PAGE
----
Giving Out No Less than the Truth – On Verifications of Background Check
Successful employers have not reached the position they are presently holding without relentless pursuit of knowledge. For every new knowledge they gain, they validate by applying them on their businesses.
When it comes to hiring employees, they do not take any chances, either. They are relentless in pursuing the real background of an employee on all counts: personal record, criminal record, educational and employment backgrounds, etc.
Then, upon collecting the information, they need, they will not settle with it unless they have verified it properly.
Most of the questions in every applicant’s minds are usually about what kind of information the employers would inquire of them as verification of the data input in their resumes. Verification may revolve around the previous employment record and the references they gave out.
However, the much broader question in their minds is actually the following –
“Will the employer conduct a verification of the background check they conducted on me?” If so, “Will the verification process result to finding out certain inconsistencies in the data I have given?”
Tough questions. Here are the answers.
What Employers Check or Verify
• Usually it will depend on the amount of verification an employer decides to conduct during the process of hiring.
• There are employers who confirm every detail indicated in the resume or application letter of the applicant.
• Others just do a perfunctory check and leave it at that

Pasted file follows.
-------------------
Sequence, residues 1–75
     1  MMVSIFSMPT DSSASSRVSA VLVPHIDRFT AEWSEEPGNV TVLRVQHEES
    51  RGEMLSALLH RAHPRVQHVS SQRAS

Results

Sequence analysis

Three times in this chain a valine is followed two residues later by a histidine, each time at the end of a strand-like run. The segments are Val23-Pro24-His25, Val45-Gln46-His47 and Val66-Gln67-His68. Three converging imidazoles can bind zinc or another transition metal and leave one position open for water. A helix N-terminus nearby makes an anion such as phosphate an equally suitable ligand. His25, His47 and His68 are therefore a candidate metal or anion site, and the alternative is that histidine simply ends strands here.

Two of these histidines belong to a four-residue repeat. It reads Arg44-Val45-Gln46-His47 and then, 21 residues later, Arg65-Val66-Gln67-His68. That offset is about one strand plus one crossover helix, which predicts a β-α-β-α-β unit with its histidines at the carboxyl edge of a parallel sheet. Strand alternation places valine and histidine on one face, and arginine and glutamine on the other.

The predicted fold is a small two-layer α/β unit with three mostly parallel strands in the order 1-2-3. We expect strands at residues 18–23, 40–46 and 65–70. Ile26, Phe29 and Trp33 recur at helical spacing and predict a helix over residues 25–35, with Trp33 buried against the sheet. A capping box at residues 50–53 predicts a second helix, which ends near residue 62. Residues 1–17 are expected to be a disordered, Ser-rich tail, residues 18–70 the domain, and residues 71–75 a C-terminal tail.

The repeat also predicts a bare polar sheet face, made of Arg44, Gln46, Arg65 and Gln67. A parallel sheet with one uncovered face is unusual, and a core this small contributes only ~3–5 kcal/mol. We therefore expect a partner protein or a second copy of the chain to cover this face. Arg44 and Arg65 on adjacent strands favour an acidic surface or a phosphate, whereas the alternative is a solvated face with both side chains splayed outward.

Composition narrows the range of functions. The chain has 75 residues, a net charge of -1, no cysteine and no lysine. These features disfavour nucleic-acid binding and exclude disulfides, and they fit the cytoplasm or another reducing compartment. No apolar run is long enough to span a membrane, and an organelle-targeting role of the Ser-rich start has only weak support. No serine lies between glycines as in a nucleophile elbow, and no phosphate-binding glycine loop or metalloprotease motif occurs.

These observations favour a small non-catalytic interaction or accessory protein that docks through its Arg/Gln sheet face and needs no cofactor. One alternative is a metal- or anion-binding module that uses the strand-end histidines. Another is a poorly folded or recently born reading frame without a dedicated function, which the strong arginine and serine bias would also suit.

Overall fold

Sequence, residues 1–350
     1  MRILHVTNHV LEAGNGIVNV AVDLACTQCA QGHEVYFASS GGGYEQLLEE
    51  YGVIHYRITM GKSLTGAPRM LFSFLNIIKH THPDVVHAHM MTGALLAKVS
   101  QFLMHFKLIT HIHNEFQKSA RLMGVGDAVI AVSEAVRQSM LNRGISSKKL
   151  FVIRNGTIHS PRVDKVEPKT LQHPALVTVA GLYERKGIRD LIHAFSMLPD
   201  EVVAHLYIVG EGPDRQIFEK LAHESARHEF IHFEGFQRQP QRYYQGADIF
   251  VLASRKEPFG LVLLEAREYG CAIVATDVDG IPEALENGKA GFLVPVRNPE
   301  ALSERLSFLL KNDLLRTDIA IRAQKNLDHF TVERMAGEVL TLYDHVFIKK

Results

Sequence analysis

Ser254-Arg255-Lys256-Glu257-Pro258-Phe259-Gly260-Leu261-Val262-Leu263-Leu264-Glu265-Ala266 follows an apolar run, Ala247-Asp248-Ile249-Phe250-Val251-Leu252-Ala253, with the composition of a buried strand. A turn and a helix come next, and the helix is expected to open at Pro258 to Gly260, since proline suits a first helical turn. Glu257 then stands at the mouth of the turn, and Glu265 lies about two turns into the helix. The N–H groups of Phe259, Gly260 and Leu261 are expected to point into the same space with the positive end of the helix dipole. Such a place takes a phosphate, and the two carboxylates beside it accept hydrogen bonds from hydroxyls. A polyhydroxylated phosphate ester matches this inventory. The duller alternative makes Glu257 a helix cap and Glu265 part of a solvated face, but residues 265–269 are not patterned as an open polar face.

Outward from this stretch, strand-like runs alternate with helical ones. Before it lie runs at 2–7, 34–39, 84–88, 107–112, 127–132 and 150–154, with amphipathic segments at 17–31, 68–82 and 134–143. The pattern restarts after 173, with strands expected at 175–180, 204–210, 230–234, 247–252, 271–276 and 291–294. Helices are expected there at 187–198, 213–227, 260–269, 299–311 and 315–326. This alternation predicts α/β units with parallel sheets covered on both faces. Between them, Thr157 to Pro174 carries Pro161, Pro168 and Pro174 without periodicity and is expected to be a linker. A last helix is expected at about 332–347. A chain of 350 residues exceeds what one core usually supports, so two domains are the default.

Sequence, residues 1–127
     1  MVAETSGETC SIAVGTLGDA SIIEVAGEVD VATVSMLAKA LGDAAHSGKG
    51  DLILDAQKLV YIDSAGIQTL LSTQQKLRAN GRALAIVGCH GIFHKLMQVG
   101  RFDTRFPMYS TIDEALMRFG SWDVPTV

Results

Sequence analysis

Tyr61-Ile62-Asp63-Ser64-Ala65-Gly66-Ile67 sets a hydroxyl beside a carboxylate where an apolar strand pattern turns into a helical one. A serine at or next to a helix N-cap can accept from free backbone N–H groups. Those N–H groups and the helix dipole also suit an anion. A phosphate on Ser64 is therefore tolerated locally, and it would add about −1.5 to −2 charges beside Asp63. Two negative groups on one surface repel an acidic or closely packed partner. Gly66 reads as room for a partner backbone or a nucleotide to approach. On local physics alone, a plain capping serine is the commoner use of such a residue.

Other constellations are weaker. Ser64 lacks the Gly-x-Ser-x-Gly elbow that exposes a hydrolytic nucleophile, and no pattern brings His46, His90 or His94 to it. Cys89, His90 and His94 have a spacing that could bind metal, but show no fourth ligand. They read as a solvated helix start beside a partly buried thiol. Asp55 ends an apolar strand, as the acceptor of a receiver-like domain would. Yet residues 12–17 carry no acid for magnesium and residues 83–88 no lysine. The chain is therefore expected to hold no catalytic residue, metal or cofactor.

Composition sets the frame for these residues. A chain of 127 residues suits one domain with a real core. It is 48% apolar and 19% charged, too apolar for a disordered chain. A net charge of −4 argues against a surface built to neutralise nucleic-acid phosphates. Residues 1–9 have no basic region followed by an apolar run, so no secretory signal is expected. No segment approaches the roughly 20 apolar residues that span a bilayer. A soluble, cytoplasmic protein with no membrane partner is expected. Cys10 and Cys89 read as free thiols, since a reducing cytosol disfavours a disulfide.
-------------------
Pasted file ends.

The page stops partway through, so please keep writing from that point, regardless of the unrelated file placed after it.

• Others does not verify at all
In order to prevent being caught lying or exaggerating on the facts you stipulated in your resume, you just have to give out the plain truth. As long as you are applying in good faith and have faith in your backgrounds, then there is no need to worry.
Remember that no secret or lie remains a secret or a lie for long…The truth eventually comes out and you will be caught red handed, if not sooner, later on.
Explaining a Gap in your Employment Record
Usually some of the verifications an employer inquires are about some questionable or puzzling information in your background. For example, an employer might find it curious to find out that you have an employment gap for a certain period.
You may avoid this magnanimous fact in your resume by listing the inclusive years of your previous employment data without the month and date. It will provide some room to cover gaps that would arouse the employer’s curiosity.
You may also avoid listing down your positions on the resume and limit your employment experience input to stipulating the general work you’ve done and how many years you handled such work.
Even if an employer conducts a verification of your employment background, it will still fit the facts you expect him to find out from your previous employers.
Inclusion of other jobs handled
You can list down other type of jobs you have held like, volunteering, working freelance, doing consulting services, etc. You can list them down as you would list your other regular jobs. Put the job title, the company where you did such work, inclusive dates of employment, etc.
Putting this information would provide the employer with more background check material, especially if you know that it would work to your favor.
If an employer asks you why you are not employed during the hiring process, tell the exact truth. Unless you have committed gross violations in your previous employment backgrounds, there is nothing wrong in saying that you have been laid off or resigned due to some personal reasons.
Telling the truth is much more acceptable to employers rather than finding out that you have done untruthful adjustments on your resume